‘The Signalman’ by Charles Dickens tells a ghostly story, set in the Victorian era, which pictures a relationship between two men of different social classes – middle and upper class. The signalman is far less educated than the narrator; therefore, the narrator is much more real and analytical than he is. The Signalman explains his experience of the supernatural, a popular theme in Victorian Literature, and ironically it is the Signalman himself who suffers from the narrator’s lack of belief.
Dickens employs a first person narrator to shape out reactions and thoughts, this is showed in the text, and I quote: “I cannot describe the thrill that seized upon me” and “Resisting the slow touch of a frozen finger tracing out my spine”. This last statement provokes fear in the Victorian reader, as it is written in the first person it makes the feeling more personal, horrific and intense. It makes the story more ghostly as it was us living that fear. The use of personification here also brings life to the fear, turning it into a tangible experience with the power to hurt and possibly destroy.
The author uses pathetic fallacy to good effect, an example for these statement is: “He who often passed along winters nights there alone and watching,” , “On either, a dripping-wet wall of jagged stone…” . Pathetic fallacy is used here to suggest the environment as a living part of the action and atmosphere – that is what Dickens does – he uses the cold night to create fear. He takes advantage of the environment to make the story mysterious and frightening, to create a creepy scenario: “…that become oozier and wetter as I went down”. The imagery of the cold, wet, dank stone sets a scene of unhealthy dark places, the perfect setting for a ghost to appear. Again, this would be a scenario with which the Victorians would be familiar in numerous industrial areas full of death and disease.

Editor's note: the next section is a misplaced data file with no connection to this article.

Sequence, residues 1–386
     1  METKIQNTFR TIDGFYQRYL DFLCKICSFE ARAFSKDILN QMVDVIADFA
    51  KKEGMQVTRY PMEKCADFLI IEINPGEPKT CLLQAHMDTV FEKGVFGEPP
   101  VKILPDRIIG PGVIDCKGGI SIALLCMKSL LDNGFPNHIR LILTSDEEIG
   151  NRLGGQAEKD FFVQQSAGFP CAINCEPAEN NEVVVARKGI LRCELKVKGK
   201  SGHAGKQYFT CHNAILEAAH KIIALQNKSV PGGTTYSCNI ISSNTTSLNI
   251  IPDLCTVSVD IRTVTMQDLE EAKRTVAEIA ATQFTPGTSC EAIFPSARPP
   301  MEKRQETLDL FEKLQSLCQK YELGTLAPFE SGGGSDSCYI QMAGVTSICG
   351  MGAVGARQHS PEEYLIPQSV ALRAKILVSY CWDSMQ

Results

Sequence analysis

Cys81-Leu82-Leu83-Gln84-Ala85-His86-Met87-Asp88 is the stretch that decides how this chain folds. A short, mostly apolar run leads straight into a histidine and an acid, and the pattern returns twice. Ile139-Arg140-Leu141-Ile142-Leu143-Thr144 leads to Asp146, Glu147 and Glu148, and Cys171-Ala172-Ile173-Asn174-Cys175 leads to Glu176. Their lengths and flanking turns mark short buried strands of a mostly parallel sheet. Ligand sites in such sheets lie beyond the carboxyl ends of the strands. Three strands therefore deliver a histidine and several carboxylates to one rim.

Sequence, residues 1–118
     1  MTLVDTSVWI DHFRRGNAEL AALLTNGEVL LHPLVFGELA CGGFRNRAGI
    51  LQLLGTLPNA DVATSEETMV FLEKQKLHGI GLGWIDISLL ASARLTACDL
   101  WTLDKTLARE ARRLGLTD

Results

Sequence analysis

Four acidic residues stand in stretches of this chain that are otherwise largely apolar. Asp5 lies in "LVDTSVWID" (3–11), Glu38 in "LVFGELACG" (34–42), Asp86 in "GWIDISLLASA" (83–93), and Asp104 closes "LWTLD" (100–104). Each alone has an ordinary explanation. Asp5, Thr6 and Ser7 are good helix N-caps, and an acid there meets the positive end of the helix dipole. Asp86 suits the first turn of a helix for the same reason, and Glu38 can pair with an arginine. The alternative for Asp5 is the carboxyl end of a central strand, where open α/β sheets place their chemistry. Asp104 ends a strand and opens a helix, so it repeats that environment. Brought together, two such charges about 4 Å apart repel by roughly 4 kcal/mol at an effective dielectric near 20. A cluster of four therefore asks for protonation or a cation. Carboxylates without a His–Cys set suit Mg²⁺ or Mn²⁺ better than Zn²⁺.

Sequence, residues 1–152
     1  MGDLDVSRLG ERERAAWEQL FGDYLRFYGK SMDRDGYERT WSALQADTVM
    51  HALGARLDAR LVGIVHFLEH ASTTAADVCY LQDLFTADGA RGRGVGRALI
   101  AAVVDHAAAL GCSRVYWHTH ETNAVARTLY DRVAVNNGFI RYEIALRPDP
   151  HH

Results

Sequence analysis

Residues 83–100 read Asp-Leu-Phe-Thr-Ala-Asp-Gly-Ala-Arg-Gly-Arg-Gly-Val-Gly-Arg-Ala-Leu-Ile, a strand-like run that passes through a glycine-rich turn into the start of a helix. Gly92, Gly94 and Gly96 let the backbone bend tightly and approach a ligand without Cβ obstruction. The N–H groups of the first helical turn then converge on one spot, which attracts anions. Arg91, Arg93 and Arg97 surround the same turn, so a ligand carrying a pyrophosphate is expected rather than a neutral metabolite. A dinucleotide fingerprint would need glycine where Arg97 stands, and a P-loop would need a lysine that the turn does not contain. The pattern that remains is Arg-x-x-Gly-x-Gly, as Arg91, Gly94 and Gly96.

At the end, the story has a twist in the tail as it says “Signalman was killed this morning, sir”. It is a twist in the tail because readers weren’t expecting that to happen. We weren’t expecting that the main character would die, so it was a shock to all who read the story. Furthermore, the fact that when the signalman died, the man who drove the engine told the signalman to clear the way saying – “Below there! Look out! For god’s sake, clear the way!” waving his hand, the same thing the spectre told the signalman when he saw him, cleverly links all aspects of the story. It was the spectre who was warning the Signalman of his own impending doom, only tragically, the message was lost.
Overall, the main point is that the story raises doubts about the after life, fate and free will. Where will we go after dead? Can we decide our fate? Is there any life after being gone? These were some questions that tormented the Victorians. The whole story has supernatural presences and deadly ideas. No Victorian knew if they would become ghosts or even whether ghosts existed, however that’s what Charles Dickens suggested. All this doubts provoke fear on the Victorians. The story will also provoke fear to the Victorian as it has a tragic ending, as it keeps them thinking “Will I end up the same way?”